- Latency of varying milliseconds across all four of the keyboard manuals, making any kind of staccato playing virtually impossible;
- Temperature sensitivity of the metal pipes within the 200-year-old stone and wood church. The pipes can vary individually from A440 standard concert pitch anywhere from A427 to A442.
- Access to stops that were inoperable to blend with the ones that were still in use.
Taking advantage of the inherent natural acoustic delay and reverberation from Calvary’s 40-foot-high steeple and with the organ pipes mounted 20 feet above the pews along the altar perimeter and in the church’s rear near the entrance, Kamel had previously solved the problem by using the organ’s circa 1980s Peterson MIDI interface, which is limited solely to MIDI out on Channel 1 and only transmits note on/off data.
The deployment of the Hauptwerk Virtual Pipe Organ and its Notre Dame de Metz sample was Kamel’s initial solution, as the virtual organ had no latency and could thus provide the attack for the notes as the Skinner organ’s tones fleshed out the body of the notes. The Hauptwerk software also resolved the tuning fluctuation problems as the precise digital tuning could adjust to match the pipes for any particular climate condition. The software’s high cost (about $1,000) also is due to its unique capability to drive the actual organ pipes via MIDI. Finally, the software provided the missing Gallery, Great and Choir manuals/stop colors that the Skinner organ could not produce in its current state of disrepair.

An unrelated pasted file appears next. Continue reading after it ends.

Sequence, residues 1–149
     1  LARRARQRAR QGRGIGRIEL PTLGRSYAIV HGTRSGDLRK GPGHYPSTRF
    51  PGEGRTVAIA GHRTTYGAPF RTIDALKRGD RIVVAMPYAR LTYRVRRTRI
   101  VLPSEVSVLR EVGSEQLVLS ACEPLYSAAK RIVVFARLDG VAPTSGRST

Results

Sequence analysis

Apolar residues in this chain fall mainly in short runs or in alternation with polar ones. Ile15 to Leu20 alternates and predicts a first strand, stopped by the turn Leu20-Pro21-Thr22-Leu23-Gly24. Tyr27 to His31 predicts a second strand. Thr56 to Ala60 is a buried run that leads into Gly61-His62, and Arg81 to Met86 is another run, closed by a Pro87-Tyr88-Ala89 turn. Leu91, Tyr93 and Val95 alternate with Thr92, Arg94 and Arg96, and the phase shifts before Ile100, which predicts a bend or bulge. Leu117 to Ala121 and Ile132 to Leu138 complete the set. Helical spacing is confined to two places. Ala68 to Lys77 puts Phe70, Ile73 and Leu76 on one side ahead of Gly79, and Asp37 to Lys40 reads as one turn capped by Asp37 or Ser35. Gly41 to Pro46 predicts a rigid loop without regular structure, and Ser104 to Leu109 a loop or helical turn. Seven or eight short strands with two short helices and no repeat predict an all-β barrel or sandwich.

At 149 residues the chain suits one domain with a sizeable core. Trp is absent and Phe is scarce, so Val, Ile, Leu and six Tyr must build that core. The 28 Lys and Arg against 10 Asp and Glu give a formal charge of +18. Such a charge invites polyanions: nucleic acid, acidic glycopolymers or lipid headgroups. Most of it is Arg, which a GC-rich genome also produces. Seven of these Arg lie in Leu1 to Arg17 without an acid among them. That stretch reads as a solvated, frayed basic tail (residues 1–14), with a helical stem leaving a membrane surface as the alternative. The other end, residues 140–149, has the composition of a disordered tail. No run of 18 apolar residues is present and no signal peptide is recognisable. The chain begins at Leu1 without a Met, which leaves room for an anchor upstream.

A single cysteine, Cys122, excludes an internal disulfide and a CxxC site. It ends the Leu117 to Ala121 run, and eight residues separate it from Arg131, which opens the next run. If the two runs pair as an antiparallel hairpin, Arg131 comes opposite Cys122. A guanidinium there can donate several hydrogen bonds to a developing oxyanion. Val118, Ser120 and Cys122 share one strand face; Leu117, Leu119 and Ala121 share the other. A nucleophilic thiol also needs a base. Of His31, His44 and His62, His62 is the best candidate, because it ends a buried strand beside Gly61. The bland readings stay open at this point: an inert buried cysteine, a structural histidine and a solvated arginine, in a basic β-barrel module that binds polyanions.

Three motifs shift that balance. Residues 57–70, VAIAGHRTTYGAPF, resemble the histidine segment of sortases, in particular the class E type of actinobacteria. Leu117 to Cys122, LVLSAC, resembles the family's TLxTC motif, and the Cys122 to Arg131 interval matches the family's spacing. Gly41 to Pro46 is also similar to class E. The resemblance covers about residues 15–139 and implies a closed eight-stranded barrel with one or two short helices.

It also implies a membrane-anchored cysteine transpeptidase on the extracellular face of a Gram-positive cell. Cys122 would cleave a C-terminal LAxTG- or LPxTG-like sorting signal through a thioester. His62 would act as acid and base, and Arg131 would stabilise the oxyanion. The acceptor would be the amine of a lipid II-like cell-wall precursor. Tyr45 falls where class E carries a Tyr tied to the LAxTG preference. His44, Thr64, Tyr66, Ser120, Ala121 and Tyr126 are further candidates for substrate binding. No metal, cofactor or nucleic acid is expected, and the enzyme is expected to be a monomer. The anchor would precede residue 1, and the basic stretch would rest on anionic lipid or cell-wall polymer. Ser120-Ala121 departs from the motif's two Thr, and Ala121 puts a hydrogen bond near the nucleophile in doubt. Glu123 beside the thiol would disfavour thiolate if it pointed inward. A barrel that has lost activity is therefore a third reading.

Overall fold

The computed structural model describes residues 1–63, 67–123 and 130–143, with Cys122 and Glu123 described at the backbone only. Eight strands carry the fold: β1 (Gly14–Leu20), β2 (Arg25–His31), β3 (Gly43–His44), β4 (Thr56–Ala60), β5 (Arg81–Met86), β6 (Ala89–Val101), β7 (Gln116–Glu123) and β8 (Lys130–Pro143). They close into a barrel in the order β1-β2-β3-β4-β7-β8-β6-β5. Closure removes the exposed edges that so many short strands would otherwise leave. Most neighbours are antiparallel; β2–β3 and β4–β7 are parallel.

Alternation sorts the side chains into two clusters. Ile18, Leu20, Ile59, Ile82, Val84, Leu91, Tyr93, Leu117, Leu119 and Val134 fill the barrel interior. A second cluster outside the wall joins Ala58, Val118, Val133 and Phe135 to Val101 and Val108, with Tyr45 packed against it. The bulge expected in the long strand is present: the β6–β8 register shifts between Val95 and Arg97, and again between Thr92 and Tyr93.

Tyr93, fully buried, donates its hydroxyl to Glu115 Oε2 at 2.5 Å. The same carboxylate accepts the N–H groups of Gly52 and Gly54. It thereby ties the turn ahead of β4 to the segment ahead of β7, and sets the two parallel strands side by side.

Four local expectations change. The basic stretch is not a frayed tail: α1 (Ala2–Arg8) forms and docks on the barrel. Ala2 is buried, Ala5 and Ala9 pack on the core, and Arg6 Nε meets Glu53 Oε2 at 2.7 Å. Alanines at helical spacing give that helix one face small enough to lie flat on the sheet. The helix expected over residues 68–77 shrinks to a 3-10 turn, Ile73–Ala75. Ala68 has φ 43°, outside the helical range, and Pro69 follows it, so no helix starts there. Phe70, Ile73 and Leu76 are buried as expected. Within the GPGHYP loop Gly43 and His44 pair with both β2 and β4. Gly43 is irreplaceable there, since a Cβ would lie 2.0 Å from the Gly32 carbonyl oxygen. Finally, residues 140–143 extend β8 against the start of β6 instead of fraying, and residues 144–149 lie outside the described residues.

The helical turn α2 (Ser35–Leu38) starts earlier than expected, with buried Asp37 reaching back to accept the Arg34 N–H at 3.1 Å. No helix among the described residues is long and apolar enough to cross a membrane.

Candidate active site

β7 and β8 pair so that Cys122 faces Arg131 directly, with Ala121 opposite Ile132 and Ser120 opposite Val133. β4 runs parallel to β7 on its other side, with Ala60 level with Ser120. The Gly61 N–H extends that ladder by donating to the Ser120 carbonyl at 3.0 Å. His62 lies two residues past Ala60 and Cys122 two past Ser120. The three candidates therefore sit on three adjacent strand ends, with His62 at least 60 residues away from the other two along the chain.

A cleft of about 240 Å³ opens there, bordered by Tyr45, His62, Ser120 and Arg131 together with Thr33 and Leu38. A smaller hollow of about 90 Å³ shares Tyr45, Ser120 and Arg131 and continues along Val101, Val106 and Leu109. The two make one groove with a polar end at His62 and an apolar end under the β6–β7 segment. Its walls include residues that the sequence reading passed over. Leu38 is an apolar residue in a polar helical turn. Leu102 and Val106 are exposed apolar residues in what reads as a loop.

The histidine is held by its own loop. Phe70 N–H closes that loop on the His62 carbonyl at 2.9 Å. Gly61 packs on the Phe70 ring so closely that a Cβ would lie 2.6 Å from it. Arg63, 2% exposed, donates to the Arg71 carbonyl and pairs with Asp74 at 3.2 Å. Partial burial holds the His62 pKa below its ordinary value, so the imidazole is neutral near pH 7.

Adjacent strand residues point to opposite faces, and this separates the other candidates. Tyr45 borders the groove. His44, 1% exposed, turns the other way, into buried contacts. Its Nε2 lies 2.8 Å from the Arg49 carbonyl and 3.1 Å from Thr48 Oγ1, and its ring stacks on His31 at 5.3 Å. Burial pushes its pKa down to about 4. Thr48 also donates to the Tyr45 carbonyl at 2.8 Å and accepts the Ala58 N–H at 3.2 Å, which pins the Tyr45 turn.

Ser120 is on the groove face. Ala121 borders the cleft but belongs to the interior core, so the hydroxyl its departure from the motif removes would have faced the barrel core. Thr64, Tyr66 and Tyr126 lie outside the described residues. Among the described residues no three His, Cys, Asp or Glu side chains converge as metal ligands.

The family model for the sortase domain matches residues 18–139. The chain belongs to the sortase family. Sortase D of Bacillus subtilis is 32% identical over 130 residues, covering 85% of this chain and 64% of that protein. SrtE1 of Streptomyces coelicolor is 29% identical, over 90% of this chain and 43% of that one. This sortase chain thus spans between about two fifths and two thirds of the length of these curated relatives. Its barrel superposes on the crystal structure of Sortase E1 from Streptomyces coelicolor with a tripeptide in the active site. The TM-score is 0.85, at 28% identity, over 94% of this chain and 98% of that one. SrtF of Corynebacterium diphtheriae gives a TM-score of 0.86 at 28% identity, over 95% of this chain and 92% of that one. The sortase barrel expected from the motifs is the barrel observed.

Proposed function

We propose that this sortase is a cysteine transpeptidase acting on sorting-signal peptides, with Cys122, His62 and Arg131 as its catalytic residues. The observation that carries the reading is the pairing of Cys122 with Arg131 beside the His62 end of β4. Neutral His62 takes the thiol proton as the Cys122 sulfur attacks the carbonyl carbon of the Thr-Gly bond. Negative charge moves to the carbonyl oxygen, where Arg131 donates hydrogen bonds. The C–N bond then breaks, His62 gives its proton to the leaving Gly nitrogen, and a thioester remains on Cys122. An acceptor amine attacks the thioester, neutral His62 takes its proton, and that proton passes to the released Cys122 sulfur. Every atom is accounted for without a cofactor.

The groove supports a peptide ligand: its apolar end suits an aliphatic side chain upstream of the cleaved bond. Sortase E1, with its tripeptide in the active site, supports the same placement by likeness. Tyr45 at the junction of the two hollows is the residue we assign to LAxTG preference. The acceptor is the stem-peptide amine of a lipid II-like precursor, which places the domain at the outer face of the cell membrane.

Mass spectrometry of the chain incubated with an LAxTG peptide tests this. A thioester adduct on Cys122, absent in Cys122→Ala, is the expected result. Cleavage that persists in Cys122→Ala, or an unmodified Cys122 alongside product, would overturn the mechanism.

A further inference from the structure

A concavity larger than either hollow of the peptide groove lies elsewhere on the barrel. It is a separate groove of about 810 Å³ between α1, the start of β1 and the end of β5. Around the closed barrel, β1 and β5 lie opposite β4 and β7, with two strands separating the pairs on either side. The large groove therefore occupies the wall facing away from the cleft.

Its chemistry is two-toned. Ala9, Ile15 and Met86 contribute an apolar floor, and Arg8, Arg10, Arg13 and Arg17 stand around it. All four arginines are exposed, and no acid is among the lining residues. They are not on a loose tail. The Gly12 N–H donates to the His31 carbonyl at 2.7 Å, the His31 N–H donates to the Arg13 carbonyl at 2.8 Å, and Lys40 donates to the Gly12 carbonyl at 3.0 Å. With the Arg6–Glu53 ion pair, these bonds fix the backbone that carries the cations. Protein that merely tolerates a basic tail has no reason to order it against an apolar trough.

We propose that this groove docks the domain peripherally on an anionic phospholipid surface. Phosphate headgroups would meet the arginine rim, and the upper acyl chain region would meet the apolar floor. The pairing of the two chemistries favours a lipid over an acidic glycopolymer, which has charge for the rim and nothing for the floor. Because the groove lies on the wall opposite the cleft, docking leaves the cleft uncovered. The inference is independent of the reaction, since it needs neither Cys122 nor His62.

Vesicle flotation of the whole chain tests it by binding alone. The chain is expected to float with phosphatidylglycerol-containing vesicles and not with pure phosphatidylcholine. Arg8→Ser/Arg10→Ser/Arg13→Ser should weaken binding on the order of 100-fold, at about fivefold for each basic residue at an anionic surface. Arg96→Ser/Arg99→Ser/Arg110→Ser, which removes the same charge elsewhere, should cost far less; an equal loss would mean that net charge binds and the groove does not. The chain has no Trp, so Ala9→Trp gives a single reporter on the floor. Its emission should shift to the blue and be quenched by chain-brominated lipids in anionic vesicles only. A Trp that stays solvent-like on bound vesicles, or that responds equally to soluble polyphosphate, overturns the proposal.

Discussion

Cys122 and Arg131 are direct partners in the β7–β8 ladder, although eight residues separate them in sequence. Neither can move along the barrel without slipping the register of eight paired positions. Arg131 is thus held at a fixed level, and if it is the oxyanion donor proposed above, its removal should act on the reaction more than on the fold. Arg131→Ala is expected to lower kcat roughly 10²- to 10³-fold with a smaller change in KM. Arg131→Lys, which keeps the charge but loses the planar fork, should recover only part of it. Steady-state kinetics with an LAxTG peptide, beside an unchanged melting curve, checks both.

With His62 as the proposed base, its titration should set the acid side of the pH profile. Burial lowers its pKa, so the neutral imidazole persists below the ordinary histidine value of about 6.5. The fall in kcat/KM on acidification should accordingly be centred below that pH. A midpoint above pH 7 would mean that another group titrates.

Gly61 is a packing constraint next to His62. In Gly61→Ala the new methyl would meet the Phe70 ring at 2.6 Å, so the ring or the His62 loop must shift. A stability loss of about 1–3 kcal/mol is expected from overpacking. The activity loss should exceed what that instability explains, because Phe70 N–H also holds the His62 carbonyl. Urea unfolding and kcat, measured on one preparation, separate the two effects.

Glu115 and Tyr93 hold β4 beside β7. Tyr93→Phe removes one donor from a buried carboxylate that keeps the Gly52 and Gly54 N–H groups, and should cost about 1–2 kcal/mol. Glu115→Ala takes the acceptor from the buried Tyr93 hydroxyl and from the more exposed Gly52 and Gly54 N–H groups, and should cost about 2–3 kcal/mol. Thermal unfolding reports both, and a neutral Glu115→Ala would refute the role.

While Kamel had solved the most pressing mechanical issues, the Notre Dame sample was recorded in a space considerably larger than that of Calvary Church. Additionally, Notre Dame’s organ is a much more elaborately-featured instrument than the Aeolian-Skinner. Choosing uniformity and authenticity of sound over a more luxurious, albeit less than ideal accommodation, Kamel has since opted to switch the Hauptwerk software license to the CCARB, which is a sample of the pristine Aeolian-Skinner Opus 1141 pipe organ recorded at Christ Church Cathedral Arboretum in Garden Grove, CA.